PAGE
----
“In an age of unlimited fiat currency printing, all value flows to scarce assets – and Bitcoin is the scarcest liquid asset in history.”
- Bitcoin’s price crossed USD 13,000 on July 10th, and trading volume is up 20% compared to the monthly average year-to-date. All signs indicate that we are firmly back in bullish territory.
- Trump finally put in his two cents about Bitcoin on Twitter. He is not a fan of it. After all, Bitcoin and Libra challenge the US dollar’s status as a global reserve currency. Interestingly, the chairman of the Federal Reserve System took a slightly more neutral view and described Bitcoin as being used as a “speculative store of value” similar to gold.
- The NYSE’s sister-company Bakkt finally launched the beta of their Bitcoin-settled futures. This is expected to put further buying pressure on the Bitcoin market. Public launch is expected later.
Is Crypto Spring finally here? Bitcoin prices have experienced a remarkable recovery since April. Many new projects are springing up, existing ones are bearing new fruit. And then there’s Mark Zuckerberg and his plan for a Facebook coin.
Sometimes it’s uncanny how closely markets and the media are connected. We’ve seen this time and again in asset classes like gold. When the shiny metal lands on the cover of the local tabloid, it’s time to sell. There’s something even better in the crypto sector. Perhaps the best-known newspaper in the world provides the most reliable indicator for Bitcoin prices: The New York Times.
On January 13th, 2018, the Times marked the final end of the last bull market with the wonderful headline: “Everyone Is Getting Hilariously Rich and You’re Not.” The first picture shows two crypto fans in Bitcoin and Ethereum pullovers. The price of Bitcoin was still USD 14,600. In the three weeks following the article, the price plummeted by almost 60 % and briefly even dropped below USD 6,000.
A little over a year later, the New York Times strikes again. This time it goes in the other direction. The newspaper reported, “Smart Money knows that crypto is not yet ready,” on April 2nd, 2019. The pessimistic article came just one day after the Bitcoin price jumped more than 20 % in a matter of hours. One may forgive the editors of the Times for not simply withdrawing the article that had been researched over the long term. On April 2nd, there was also general confusion as to what had actually happened in the markets the day before.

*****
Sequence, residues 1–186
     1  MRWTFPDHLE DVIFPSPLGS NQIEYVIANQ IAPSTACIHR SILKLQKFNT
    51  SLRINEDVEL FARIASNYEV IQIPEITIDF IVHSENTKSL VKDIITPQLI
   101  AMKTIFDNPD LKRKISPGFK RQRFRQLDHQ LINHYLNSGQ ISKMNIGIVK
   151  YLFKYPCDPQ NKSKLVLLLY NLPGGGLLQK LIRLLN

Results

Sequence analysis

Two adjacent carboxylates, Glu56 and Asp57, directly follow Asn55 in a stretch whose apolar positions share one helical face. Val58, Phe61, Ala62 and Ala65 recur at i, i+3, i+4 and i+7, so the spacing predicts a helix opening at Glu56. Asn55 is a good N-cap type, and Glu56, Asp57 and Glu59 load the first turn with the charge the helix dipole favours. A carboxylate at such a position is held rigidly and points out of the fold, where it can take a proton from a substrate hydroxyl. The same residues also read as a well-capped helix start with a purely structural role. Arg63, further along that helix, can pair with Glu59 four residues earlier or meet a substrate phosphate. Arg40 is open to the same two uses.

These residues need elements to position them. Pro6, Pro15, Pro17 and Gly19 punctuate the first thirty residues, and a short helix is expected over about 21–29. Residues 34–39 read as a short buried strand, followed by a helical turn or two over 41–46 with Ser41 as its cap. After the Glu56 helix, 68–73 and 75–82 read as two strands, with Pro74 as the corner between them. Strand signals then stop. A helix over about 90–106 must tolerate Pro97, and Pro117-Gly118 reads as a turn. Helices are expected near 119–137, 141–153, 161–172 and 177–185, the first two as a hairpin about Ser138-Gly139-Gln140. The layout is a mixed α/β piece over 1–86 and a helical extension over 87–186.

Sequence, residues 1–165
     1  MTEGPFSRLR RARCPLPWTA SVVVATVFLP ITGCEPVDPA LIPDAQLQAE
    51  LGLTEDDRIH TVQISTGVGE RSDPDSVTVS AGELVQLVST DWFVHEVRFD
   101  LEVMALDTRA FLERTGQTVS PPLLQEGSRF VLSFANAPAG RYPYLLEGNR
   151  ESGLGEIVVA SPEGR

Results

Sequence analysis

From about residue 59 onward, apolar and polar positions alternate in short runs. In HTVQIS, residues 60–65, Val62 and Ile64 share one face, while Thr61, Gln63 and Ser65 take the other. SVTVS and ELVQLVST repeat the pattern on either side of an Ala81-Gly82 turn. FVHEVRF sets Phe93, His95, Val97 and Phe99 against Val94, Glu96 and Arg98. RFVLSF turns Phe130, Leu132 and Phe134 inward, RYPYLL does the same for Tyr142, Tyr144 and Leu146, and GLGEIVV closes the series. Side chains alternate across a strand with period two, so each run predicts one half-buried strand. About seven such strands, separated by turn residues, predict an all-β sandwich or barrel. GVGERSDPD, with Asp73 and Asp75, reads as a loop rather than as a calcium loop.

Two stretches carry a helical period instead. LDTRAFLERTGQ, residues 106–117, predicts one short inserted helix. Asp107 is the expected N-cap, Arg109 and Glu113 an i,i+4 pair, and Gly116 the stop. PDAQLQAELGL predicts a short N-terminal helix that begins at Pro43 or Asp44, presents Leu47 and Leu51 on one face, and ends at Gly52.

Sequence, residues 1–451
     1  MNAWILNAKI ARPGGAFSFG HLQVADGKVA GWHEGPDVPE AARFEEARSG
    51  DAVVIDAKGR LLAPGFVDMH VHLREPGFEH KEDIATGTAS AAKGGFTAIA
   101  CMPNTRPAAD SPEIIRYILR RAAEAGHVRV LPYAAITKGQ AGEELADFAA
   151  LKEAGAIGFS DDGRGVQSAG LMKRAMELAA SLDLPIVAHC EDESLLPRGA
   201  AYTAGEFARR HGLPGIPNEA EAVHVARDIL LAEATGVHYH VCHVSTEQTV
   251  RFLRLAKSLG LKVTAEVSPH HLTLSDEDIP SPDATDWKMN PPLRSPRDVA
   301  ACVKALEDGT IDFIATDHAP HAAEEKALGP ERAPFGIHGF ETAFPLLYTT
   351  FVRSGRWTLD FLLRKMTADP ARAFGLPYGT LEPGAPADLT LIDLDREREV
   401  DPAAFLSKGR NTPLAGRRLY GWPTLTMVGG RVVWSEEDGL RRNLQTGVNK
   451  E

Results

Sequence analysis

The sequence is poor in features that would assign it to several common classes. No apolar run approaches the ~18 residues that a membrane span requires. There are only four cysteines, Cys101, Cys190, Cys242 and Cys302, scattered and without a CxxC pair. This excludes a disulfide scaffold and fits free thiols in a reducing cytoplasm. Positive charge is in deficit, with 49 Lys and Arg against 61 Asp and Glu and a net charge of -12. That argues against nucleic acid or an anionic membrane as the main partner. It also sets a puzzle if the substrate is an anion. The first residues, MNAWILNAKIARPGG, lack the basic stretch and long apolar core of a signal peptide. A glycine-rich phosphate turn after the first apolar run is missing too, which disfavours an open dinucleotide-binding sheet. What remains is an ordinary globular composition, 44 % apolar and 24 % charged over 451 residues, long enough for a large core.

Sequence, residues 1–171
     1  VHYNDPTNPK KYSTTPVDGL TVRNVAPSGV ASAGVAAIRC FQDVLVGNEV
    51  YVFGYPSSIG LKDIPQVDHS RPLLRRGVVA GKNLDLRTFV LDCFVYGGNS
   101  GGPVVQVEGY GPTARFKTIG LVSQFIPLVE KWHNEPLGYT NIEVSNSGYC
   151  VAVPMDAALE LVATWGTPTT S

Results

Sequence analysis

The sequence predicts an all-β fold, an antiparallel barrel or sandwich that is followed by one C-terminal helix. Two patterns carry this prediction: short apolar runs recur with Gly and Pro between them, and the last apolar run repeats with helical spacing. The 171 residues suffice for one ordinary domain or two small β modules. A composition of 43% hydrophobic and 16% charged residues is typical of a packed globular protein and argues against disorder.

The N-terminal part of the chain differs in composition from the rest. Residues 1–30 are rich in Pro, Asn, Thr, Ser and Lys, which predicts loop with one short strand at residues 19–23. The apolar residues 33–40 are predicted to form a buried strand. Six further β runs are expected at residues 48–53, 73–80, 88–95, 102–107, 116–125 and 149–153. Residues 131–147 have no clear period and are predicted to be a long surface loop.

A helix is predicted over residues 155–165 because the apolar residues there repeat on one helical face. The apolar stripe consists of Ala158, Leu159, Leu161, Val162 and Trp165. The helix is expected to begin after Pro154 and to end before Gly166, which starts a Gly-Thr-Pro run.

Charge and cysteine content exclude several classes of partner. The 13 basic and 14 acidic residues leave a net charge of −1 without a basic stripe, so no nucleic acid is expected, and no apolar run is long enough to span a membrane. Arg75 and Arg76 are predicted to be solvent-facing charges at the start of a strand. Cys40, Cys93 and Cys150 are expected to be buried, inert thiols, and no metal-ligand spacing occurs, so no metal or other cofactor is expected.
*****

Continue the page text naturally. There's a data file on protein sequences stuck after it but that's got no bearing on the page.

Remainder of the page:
After all, the sudden jump from around USD 4,000 to more than 5,000 came at a time when most analysts were predicting a continuation of the bear market and new lows. The mainstream media, which had already mostly forgotten about Bitcoin, even attributed the price jump to an April fool’s joke. In fact, on April 1st there was a rumor making the rounds on social media that the US Securities and Exchange Commission had approved two Bitcoin ETFs – in an alleged “emergency session” nonetheless.
But this obvious fake was by no means the reason for the sudden rise in the Bitcoin price. In fact, it was probably a single mysterious buyer who had invested the sum of USD 100 million in the cryptocurrency on several exchanges within a few hours. Specifically, the exchanges Coinbase, Kraken and Bitstamp were used, as Reuters reported. Whether an individual investor or an institution stood behind the order, we still do not know. But we do know the consequences.
After more than a year in a depressing crypto winter, especially Bitcoin but also some altcoins have awoken. In the months that followed, prices went steeply uphill. Even the USD 6,000 mark, where the price remained on its way down for a long time, did not prove to be major resistance. As we write these words, the price hovers just above USD 10,000. The chart technicians are now arguing whether we are already in a new bull market or just seeing a sharp bear market rally. With the price having reached the price of over USD 13,000 on July 10th, things seem to become ever more obvious that cryptoassets are back on bullish territory. But should we really be in a bull trap, new lows would be possible despite the returning euphoria. Some, like Tyler Jenks of Lucid Investments, still think it’s likely that the Bitcoin price could fall to USD 1,000.